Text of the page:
Describing the novel itself eluded me for the better part of 2 days. Should I write something heart-tugging? Dramatic? Grandiose, in the style of “Dances with Wolves”? Eventually I took a cue from the actual work itself, which is spare and nearly colorless. There is no froth here, no hint of pastels, no richly colored, evocative landscapes that may distract the viewer from the story itself. Illustrator Greg Ruth’s landscapes offer no relief of color from the atrocities that fill its pages. The scenery is bare, shaded in tones of white and gray and black. Cliffs are rendered with as much loving detail as a character’s plaid shirt, or the band tying back his hair. Handsome horses are given their due as well. Union soldiers’ bristling muttonchops and buttoned uniform coats are treated with as much respect as the Native Americans’ seamed faces and baggy, worn clothes. Every stroke of the pencil is carefully calculated-nothing overwhelms, nothing hides. Everything on the page is balanced. 
Writer Ethan Hawke created this novel first as a movie script, with the assistance of a mentor named Charles Gaines. Eventually he realized that a graphic novel medium would serve his purpose better than an extraordinarily expensive movie-if the script ever even got off the ground in a place as white-washed as modern Hollywood- and so he sought Greg Ruth to illustrate. Hawke’s writing is, in my opinion, superb. Like Ruth, his hand is light yet firm, and he deals with extremely difficult subject matter with as much fairness as possible. This is not a novel about the plight of iconic “noble savages”, nor the expansion into the West by wave upon wave of greedy, evil, death-dealing white men. This novel is about flawed men from both sides of a terrible war, who lived and lost and fought and bled and sought peace. Assumptions were made and atrocities committed, innocents murdered and friends betrayed. This war doesn’t deserve to be forgotten. Superheroes have their place- let there be no mistake, I like Iron Man and Wonder Woman as much as the next reader- but a novel with a basis in fact carries truth in itself. These truths and the men who lived them deserve to be taught in history books, right next to stories about Thomas Jefferson and George Washington.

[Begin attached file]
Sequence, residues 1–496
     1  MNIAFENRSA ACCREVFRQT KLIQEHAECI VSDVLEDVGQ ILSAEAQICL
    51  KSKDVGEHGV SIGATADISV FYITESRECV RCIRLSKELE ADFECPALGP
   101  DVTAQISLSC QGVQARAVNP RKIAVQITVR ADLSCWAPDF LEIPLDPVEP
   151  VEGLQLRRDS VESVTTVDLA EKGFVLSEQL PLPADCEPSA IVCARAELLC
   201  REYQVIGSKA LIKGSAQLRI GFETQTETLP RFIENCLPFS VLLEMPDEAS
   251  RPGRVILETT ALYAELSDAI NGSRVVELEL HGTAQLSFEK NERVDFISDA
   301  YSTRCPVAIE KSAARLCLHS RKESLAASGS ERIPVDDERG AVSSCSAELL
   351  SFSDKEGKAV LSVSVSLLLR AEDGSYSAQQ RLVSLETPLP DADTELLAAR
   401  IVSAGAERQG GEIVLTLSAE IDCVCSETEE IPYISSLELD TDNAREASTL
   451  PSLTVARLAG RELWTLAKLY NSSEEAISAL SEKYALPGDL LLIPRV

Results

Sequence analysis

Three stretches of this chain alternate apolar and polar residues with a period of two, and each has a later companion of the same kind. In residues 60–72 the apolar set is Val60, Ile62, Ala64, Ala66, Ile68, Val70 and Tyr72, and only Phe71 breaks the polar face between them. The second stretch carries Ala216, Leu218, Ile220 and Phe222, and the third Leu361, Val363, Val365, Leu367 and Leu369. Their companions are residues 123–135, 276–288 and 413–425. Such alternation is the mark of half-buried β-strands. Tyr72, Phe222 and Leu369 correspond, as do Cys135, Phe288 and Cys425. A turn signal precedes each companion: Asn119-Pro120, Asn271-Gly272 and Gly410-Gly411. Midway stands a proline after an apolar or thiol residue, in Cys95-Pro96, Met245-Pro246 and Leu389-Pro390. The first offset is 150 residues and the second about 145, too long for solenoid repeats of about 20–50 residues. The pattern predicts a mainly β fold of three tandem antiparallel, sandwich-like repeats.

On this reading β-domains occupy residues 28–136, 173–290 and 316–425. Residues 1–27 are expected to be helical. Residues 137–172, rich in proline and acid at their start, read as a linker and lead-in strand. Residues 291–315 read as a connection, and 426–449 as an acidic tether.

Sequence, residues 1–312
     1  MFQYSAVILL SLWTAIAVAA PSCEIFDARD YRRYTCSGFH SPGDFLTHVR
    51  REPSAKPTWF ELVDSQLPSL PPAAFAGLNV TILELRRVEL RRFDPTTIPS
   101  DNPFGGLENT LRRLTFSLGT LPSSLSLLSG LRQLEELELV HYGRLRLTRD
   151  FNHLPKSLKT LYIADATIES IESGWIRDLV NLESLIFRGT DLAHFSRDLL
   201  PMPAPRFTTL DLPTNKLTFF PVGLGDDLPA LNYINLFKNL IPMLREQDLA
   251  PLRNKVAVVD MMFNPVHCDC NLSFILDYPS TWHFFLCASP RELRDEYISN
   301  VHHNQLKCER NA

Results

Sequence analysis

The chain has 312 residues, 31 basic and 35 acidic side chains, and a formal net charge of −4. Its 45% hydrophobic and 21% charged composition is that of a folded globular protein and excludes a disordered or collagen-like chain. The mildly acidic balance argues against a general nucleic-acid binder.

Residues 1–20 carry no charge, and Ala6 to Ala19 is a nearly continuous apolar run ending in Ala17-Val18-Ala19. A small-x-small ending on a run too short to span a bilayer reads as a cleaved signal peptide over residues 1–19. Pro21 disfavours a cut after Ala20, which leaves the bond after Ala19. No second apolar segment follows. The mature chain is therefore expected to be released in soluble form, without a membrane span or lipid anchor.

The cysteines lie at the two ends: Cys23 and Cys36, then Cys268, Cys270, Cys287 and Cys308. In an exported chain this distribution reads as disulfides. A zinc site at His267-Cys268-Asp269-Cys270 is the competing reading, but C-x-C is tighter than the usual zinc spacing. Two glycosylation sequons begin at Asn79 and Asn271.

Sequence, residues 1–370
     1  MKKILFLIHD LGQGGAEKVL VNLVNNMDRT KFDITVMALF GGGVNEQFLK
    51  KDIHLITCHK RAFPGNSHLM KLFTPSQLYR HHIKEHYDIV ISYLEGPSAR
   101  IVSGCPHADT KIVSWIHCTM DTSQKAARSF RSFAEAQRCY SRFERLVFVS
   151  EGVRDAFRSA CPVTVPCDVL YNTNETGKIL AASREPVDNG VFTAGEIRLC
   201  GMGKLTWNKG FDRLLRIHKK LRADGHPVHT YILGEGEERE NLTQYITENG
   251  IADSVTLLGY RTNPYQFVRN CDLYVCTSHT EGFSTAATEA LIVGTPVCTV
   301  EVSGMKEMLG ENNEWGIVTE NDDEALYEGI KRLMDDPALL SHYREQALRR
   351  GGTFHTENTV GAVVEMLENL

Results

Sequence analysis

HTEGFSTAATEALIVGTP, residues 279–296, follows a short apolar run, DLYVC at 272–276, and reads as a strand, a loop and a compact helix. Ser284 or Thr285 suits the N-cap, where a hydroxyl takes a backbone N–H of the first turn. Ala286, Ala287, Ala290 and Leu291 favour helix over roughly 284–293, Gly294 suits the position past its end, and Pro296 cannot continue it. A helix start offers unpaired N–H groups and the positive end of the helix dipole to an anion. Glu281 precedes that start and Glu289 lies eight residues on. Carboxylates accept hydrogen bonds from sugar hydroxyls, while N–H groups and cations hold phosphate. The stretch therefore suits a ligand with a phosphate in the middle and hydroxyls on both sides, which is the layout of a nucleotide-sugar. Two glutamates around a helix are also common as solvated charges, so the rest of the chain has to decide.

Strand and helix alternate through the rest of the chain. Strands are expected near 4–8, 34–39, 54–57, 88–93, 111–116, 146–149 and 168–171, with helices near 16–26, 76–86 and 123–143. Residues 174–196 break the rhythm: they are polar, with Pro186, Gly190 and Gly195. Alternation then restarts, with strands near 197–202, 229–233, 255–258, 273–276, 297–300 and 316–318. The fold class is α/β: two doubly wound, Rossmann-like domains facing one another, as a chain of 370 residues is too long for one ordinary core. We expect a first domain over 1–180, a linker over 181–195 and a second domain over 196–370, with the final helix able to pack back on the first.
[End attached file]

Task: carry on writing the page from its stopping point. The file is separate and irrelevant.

Eventually these brutal wars took such a toll on the Apache that they began calling themselves “Indeh”, literally meaning “the dead”. They reserved no hope for their future because their hearts were broken. I’ll end with a quote directly from the book, which I think says all that needs saying. 
“When one Apache dies, there is no one to take his place. We were no longer Indah, the living. We were now Indeh… the dead. As we walked away, our feet didn’t even leave footprints.”
~ Shiera Carter ~